Full disclosure here: I really like my job. Being a lawyer at an insurance defence firm specializing in municipal and public authority defence work is great. Interesting, complex and challenging files, sophisticated and intelligent clients, co-workers whom I genuinely like and whose company I enjoy and a (for-the-most part) collegial bar all add up to a high degree of job satisfaction for me as I reach the mid-point of my third decade as a lawyer. But unfortunately, one of my favourite parts of the job has changed significantly over the past year and a half – that of venturing forth from my office to attend discoveries, mediations and court appearances in person.
I think I speak for most of my colleagues here when I say that one of the most enjoyable parts of being a litigation lawyer is the fact that I do not have to spend five days a week sitting behind my desk sifting through mounds of paper. Obviously, there are some days like that, but there are just as many days spent at Official Examiners’ offices and courthouses around the province, interacting in person with my peers and their clients, or at least this was the case before the COVID19 pandemic put an end to this in March 2020. All of my appearances now happen in front of a computer at the office and my interaction outside my office is solely with talking heads on my computer screen in what can best be described as the dullest episode of Hollywood Squares ever. And this brings me to the point of this article – that is, whether, now that vaccination rates are up and the pandemic is (hopefully) subsiding, whether we can expect to return to in person attendances in the same way we did before the spring of 2020. The answer, the way I see things, is a resounding “maybe”.
This issue recently came before the Ontario Courts in the case Arconti v. Smith 2020 ONSC 2782 (Canlii). In this case, the Plaintiffs were previously respondents in a hearing before the Ontario Securities Commission (OSC), which found that they had committed securities fraud. The Plaintiffs appealed on the ground that their lawyer, the Defendant Smith, did not represent them properly at the OSC hearing, and also commenced an action against Smith on the basis of his allegedly negligent representation. They also alleged that Mr. Smith failed to properly impress against the Plaintiffs the risks of being found liable for fraud, and that had he done so, they would have settled the OSC case.
After the Plaintiffs’ Divisional Court appeal from the OSC hearing was dismissed, the Defendant lawyer moved for summary judgment in the action commenced against them by the Plaintiffs. This motion was heard by the Honourable Mr. Justice Myers. Myers J dismissed the Plaintiffs’ claim that the Defendant improperly represented them before the OSC on the basis of issue estoppel. This left the issue of whether the Defendant was negligent in not properly explaining the risk of being found liable for securities fraud to the Plaintiffs before proceeding with the OSC hearing. Myers J., pursuant to his discretion under Rule 20.04(2.2), ordered a “mini-trial” on this issue and gave directions as to how this trial was to proceeding, including permitting discoveries of the parties on the issues to be tried. It was envisioned, given that this all happened during the early days of the COVID19 pandemic, that these discoveries take place virtually so that the mini-trial could be held without any delay.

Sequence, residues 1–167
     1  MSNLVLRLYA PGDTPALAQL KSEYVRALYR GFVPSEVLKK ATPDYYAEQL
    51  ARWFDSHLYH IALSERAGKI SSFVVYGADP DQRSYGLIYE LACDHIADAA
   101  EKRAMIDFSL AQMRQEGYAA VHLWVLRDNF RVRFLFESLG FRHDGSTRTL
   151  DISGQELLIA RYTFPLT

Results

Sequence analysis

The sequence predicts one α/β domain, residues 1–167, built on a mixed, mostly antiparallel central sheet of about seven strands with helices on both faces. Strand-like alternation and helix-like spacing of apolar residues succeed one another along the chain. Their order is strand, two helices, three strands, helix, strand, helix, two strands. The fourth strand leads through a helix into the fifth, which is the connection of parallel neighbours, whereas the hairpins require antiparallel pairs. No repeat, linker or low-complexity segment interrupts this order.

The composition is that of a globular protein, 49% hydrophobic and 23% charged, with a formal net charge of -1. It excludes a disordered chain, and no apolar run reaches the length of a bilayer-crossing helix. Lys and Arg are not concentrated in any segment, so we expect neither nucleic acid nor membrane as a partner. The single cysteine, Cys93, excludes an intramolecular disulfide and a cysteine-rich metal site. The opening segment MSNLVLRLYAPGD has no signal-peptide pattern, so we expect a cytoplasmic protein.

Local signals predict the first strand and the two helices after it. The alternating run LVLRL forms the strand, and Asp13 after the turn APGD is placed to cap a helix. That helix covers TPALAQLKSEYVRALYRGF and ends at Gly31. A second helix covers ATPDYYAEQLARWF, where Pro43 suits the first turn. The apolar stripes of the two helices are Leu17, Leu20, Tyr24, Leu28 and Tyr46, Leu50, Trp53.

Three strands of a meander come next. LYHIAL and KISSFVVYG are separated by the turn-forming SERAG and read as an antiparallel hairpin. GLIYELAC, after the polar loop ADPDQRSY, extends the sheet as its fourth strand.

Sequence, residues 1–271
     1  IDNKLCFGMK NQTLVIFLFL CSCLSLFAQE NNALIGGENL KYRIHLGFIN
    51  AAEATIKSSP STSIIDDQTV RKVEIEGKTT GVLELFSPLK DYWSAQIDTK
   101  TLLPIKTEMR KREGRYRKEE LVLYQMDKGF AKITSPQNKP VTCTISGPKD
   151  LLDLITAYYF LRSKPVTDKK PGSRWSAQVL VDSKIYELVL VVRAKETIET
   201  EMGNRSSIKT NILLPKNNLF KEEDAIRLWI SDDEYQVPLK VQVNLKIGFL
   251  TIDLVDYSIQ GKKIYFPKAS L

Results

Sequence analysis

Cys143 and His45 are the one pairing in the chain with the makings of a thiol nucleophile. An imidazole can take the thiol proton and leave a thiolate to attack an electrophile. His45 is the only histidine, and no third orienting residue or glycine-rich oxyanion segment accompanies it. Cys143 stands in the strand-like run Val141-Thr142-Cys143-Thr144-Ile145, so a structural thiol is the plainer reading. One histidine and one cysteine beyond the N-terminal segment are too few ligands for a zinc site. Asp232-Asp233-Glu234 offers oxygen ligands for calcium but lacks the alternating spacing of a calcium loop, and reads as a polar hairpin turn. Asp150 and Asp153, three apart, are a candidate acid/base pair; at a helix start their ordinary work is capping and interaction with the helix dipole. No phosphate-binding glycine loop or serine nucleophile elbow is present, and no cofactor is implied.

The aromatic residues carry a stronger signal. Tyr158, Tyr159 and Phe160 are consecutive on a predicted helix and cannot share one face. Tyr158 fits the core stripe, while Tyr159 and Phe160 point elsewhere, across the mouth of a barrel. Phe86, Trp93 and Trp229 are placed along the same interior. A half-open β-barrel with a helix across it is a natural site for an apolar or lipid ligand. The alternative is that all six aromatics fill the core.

However, the Plaintiffs, who strike the writer as a fairly mistrustful group, had other ideas and argued that the discovery of the Defendant should take place in person, at an Official Examiner. They cited four reasons why virtual discoveries were not acceptable in this case:
- The Plaintiffs wished to be present with their lawyers at discovery to assist with documents and facts during the examination;
- It is more difficult to assess witness demeanour in a virtual discovery than it is in person;
- The lack of physical presence in a neutral setting deprives the occasion of solemnity and a morally persuasive environment;
- The Plaintiffs did not trust the Defendants not to engage in sleight of hand to abuse the process if discoveries took place virtually (it strikes the writer that (c) and (d) are essentially the same argument, repeated two slightly different ways);